No Wonder

So last week I was suspecting that there was a lie under my fear of not being heard. (Yes, I was a middle child! One of two in the middle of six.)

I didn’t have to look very hard. I knew I had an issue with ridicule. I had felt stupid, “dumb” because my older brother used to laugh at me and tease me, but I didn’t realize that part of it came from having permissive parents. My mother didn’t want to parent the way she was parented. And my Dad’s parents were very permissive to him. He was the proverbial favorite; it was his template. Insecurity ran in our veins. Good old family system’s stuff.

What God showed me was that I felt “not good enough” my whole life, because of my brother’s teasing, my parents not countering it, and not saying “no” enough to me. I’m told the other kids got “no” more, but I would talk them out of it. Just as my daughter did with me! Mom said I was like an only child, and she didn’t know anything about family systems. Yet that profile fits me best.

What I remember is that I had to get someone to listen and agree. My life and happiness depended on it. My mom almost never agreed (I thought) and that was probably good. Dad would always say yes, or “Go ask your mother.”

I always thought I became disillusioned with life at 12, but this trip through, it looked more like 8 or 9. That’s when I began praying for wisdom. I didn’t want to make the mistakes everyone else made, and I was very impressed with the story of King Solomon. It’s also when I was baptized.

I went to a large parochial elementary school and in the fifth grade a new girl came. She had social skills down pat in a healthy, un-self-conscious way, and I had none. Everyone loved her, especially the boys, and so did I. We were friends, but she was always my rival. Though she probably wasn’t conscious of it. She was just her.

I always competed with her. There were a few brainiacs in our class, and I didn’t even try to keep up with them, but her– yes. I made good grades, thought I was smart, but was terrified that everyone would find out I wasn’t.

In high-school we took an I.Q. test and I was deflated. I was smack in the center of average. Thank God, she got exactly the same score! I remember her saying, “Oh, Arla, let’s not tell anyone what we got,” and I readily agreed. I consoled myself that it was because I was a slow reader.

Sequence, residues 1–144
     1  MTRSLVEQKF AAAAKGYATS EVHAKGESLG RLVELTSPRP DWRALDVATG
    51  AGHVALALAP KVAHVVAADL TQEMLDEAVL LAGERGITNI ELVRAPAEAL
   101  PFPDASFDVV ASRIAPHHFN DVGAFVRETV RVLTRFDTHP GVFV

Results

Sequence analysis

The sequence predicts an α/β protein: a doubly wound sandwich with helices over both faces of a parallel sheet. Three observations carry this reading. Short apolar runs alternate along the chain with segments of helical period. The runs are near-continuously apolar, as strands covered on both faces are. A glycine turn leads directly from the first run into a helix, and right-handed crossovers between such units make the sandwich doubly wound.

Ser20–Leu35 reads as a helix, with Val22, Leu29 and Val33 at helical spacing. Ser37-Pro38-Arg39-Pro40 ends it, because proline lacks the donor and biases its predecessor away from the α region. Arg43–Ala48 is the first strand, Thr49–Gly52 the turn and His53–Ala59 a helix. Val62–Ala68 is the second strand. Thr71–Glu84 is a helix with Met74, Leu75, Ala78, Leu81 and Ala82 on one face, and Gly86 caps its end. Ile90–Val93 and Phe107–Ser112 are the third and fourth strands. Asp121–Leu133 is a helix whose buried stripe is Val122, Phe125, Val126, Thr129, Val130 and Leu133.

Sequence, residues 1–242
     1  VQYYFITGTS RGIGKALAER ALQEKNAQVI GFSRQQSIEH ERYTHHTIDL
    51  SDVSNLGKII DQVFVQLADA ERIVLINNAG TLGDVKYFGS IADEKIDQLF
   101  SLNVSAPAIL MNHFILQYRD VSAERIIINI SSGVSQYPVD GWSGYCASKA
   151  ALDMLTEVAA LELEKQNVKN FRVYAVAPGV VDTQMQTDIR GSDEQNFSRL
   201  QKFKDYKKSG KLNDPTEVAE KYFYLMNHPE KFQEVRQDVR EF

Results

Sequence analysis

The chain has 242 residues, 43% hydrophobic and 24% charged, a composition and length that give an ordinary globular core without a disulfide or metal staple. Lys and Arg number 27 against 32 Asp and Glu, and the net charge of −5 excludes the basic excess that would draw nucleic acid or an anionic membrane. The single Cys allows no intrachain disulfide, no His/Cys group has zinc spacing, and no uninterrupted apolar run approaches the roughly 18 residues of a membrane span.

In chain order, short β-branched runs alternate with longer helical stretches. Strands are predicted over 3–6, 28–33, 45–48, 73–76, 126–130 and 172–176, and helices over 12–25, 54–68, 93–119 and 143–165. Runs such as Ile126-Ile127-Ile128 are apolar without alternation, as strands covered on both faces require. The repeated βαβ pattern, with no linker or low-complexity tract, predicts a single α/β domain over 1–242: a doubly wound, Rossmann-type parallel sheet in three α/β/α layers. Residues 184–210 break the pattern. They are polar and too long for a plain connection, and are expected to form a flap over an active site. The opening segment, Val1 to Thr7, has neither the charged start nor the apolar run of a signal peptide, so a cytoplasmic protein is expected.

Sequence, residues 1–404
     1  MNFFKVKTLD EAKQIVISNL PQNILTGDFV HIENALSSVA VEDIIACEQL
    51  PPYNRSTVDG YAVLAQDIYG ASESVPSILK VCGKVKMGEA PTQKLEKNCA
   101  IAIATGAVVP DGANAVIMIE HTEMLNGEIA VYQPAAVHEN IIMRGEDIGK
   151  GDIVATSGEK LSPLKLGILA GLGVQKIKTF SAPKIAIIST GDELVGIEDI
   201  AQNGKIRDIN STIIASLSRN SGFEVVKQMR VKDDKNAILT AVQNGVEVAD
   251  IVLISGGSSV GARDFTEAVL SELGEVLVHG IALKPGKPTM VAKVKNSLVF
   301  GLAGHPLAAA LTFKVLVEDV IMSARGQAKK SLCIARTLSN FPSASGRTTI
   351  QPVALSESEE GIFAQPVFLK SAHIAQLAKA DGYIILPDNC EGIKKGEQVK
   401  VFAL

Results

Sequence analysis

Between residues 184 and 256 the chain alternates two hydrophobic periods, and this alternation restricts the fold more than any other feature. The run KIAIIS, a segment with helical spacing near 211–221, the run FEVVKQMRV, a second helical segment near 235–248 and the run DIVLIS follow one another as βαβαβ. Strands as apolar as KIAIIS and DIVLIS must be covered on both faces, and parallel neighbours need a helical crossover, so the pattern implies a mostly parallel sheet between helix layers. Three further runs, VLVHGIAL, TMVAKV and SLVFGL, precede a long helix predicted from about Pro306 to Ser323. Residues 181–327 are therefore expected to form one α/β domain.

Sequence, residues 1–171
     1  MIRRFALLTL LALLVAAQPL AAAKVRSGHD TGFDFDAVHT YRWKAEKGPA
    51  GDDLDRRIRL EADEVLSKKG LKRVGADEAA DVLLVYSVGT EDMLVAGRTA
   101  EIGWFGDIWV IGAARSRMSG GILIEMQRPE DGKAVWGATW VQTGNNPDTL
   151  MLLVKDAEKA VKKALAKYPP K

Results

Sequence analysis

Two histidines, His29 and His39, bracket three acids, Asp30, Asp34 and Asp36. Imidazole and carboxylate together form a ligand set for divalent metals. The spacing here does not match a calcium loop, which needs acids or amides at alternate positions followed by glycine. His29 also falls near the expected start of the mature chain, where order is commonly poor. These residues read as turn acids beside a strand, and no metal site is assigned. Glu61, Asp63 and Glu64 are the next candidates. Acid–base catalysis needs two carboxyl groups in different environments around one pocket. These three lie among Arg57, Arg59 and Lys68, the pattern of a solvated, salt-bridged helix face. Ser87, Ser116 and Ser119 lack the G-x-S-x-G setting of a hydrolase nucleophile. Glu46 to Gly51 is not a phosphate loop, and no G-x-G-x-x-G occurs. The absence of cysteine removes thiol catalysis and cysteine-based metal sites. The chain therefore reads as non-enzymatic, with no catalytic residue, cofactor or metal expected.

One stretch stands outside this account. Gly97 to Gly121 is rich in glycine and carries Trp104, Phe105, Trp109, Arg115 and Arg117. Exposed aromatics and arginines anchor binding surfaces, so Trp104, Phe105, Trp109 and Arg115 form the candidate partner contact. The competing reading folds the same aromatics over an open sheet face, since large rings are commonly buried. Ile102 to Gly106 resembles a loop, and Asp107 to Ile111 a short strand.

We went to the same college, and I got so conditioned, that if she was going out for something, I wouldn’t even try, because I knew she would win. I loved her, and yet held her at arms length, and was sad she was closer to other friends. I was terrified of closeness, more terrified of commitment.

I didn’t marry until 28, and then someone who had been married before, and when he had an affair two years later, and we divorced five after that, I knew I was not a good-enough wife. I was also a mother by then, and knew I wasn’t a good enough mother either. I was terrified of being a mom too.

I went back to graduate school because I had always wanted to be a therapist, and I needed to… I know that because God opened the way. That was good for me. I got better grades there than in college. But one test came back with -13 on it, and I thought I was going to die, until I discovered it was the highest grade in the class.

I got married again to a widower, and that confirmed that I wasn’t a good enough wife or mother. (The first 10 years we lived with a holy ghost, (no caps.– and not literally– his sainted late wife). Plus before we got married I’d already failed with his son (he felt abandoned by me when R and I broke up for a month–most likely unresolved grief), and later with his daughter who was three when her adoptive mother died.

Ten years later my husband had a stroke that saved our marriage, and that same year I learned that God loves to heal our lies–false beliefs that seem true to us.

When mom died four years ago yesterday, I faced the belief that I wasn’t a good enough daughter. So I’ve had many healings on not being good enough. But today I discovered that underneath all that not-good-enough was a whole cluster of beliefs around, “What if they find out how dumb I am! How stupid I am! How much I don’t know!”

The fear of being discovered! That is the basis for shame!

No wonder! That explains a lot: why I felt like a child in an adult body for two decades of adult life. Why I made the choices I did. Why I still keep coming up with new not-good-enough endings. Why I am in awe and yet fear of very bright, accomplished people. Why I sabotage my success.

Brene Brown has researched shame and says it completely unravels self-worth. It makes us want to hide. And is the essence of “I’m not good enough,” or “I’m not ready…”

No wonder hurtful words can take me out. They aren’t as powerful as they used to be, though. I’ve been practicing taking in God’s love–making it real. It’s amazing, and real. Sitting with Him, you can actually feel the unconditional regard. I recommend it. It’s very healing.

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